Wednesday, October 5, 2011

The Wishing Cup by J M Gryffyn

Orphaned as a boy and brought up by the crusty, disapproving Edward Collins, Dr. David Jameson may not know much about love, but he makes up for it with an encyclopedic knowledge of Egyptian history and language. Too bad his job as linguist for a team excavating in the Valley of the Kings puts him right under Edward’s nose. When the discovery of a rare artifact leads to a disagreement between guardian and ward, Jeremiah McKee, the team’s American benefactor, sends no-nonsense Jake Tanner to protect his investment.

David’s disappointment at not meeting McKee fades quickly in the heat of his intense desire for Tanner, who seems to be the only member of the team to give credence to his ideas. Push comes to shove when Edward discovers the burgeoning romance between David and Jake, but not everything is as it seems. Will David and Jake find more in Egypt than sand and strife? Something that, like the pyramids at Giza, will stand the test of time?

Reviewer: BlackTulip
As long as I can remember, the early 1900s' combined with Egyptian archaeology have always fascinated me.

This novella is a romantic and passionate love story. It was very entertaining to read but it could have been better if it were a little bit longer.

The plot is rather simple but not uninteresting and I found the writing style quite satisfying. On the other hand I would have liked more descriptions about the site itself, a bit more history too; it would had given this book more substance.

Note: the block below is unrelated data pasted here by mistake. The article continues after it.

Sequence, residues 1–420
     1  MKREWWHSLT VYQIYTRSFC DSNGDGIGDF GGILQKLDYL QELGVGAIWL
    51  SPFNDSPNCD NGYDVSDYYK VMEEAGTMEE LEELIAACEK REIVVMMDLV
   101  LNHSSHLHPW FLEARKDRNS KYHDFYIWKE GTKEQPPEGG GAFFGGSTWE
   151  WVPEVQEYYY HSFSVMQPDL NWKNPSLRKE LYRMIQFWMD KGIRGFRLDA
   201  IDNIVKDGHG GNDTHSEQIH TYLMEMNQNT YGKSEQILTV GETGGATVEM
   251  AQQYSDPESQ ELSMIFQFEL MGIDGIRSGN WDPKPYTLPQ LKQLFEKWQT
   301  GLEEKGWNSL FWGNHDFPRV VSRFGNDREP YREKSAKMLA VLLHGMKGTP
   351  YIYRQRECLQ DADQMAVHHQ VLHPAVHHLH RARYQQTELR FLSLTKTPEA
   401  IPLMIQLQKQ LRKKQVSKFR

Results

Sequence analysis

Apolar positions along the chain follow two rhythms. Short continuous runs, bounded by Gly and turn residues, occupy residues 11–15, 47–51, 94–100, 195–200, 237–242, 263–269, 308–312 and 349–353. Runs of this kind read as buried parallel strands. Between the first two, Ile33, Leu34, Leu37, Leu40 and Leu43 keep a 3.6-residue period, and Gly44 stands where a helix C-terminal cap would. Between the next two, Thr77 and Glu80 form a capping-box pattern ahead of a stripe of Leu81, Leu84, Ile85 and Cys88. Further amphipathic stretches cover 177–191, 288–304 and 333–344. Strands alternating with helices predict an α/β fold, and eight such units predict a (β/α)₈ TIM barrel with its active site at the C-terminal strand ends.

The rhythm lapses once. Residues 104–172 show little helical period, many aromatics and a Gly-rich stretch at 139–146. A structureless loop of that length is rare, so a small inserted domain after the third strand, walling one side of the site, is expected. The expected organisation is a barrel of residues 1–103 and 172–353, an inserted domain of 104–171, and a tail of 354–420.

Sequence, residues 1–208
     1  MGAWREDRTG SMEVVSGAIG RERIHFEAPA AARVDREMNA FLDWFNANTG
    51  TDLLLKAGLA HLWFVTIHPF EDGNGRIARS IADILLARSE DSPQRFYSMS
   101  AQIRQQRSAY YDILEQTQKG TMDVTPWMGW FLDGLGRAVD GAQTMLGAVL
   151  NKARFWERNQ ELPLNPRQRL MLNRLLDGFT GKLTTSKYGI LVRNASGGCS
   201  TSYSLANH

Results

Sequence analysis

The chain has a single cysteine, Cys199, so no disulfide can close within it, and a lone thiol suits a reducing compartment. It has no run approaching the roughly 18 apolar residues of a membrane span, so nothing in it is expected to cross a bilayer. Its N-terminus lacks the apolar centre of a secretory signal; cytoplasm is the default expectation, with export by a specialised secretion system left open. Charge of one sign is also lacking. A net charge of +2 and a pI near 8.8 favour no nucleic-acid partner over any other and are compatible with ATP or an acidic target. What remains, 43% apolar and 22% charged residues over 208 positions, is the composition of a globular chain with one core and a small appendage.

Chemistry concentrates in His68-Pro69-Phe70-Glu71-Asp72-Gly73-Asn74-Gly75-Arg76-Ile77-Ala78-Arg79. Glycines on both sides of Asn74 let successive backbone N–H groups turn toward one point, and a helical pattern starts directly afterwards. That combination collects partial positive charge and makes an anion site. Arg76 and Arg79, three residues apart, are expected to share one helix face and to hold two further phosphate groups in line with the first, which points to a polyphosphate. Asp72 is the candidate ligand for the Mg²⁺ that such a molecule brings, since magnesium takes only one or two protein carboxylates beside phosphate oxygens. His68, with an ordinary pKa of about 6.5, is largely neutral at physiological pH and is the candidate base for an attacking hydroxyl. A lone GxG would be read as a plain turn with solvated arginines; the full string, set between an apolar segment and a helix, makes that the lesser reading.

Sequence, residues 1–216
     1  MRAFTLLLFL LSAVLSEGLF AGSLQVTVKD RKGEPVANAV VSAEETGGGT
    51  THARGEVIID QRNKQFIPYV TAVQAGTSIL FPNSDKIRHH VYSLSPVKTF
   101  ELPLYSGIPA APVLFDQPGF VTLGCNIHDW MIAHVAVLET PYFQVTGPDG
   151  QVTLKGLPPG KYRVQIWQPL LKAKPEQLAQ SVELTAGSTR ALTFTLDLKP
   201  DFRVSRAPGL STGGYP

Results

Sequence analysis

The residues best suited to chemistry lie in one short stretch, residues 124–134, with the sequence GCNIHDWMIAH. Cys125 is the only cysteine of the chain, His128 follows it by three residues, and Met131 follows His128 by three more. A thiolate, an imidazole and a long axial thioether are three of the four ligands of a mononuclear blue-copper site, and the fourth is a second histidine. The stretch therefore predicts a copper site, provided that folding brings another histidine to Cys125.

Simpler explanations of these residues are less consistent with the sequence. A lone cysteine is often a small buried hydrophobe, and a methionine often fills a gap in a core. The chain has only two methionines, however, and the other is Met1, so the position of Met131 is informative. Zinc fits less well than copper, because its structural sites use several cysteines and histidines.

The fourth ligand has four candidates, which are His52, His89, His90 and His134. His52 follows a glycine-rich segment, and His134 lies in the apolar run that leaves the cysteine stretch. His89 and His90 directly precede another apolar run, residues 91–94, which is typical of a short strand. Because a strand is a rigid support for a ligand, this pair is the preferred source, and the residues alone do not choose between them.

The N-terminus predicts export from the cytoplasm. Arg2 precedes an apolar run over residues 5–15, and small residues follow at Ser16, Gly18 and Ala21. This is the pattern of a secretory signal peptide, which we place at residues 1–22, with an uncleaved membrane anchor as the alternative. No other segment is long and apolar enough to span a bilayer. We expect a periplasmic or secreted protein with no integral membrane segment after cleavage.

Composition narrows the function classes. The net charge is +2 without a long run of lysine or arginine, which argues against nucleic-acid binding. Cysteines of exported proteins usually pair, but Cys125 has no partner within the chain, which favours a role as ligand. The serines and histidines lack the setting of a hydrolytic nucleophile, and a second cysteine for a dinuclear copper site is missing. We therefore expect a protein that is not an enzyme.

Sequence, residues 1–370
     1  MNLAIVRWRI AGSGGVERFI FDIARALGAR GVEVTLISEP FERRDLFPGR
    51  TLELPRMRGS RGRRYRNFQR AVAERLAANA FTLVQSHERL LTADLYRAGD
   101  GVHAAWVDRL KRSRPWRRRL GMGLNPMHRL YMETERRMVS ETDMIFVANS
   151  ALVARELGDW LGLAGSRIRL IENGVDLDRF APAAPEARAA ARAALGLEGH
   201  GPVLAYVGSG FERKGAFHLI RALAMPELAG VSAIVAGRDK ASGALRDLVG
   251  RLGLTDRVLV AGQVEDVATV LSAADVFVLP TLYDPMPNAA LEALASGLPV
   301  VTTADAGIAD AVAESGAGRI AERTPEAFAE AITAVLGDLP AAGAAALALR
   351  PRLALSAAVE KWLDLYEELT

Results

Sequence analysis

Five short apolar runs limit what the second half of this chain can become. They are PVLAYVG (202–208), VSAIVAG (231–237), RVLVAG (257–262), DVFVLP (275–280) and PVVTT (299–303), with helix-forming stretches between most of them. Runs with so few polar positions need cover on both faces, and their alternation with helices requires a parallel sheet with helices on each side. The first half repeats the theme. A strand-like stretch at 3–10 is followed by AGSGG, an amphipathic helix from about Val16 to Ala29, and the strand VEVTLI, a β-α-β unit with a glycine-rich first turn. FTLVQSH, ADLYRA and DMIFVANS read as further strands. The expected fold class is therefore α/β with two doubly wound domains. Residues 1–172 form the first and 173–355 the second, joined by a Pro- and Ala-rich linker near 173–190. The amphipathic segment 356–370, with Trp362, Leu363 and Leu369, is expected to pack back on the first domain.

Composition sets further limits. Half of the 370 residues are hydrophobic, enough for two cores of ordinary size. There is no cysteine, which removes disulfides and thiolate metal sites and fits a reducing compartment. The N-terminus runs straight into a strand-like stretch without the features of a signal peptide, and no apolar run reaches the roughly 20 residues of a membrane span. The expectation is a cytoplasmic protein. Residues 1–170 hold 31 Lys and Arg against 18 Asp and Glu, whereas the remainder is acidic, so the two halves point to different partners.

The two main characters David and Jack are both very appealing. David is a brilliant young Egyptologist but rather underappreciated, in particular by his guardian, a stiff and cold bully of a man who is in charge of the dig. Jake Tanner is overseeing it on the behalf of American philantropist McKee who's funding it. Very quickly Jake develops protective feelings for David. Their interaction is convincing enough but again it lacks depth.

At one point Jake has to leave but there is a surprising little twist when he comes back.

Overall The Wishing Cup was an interesting read that was able to give a good idea of what it must have been like...

I give it a 3.5/5.

See the original review on goodreads


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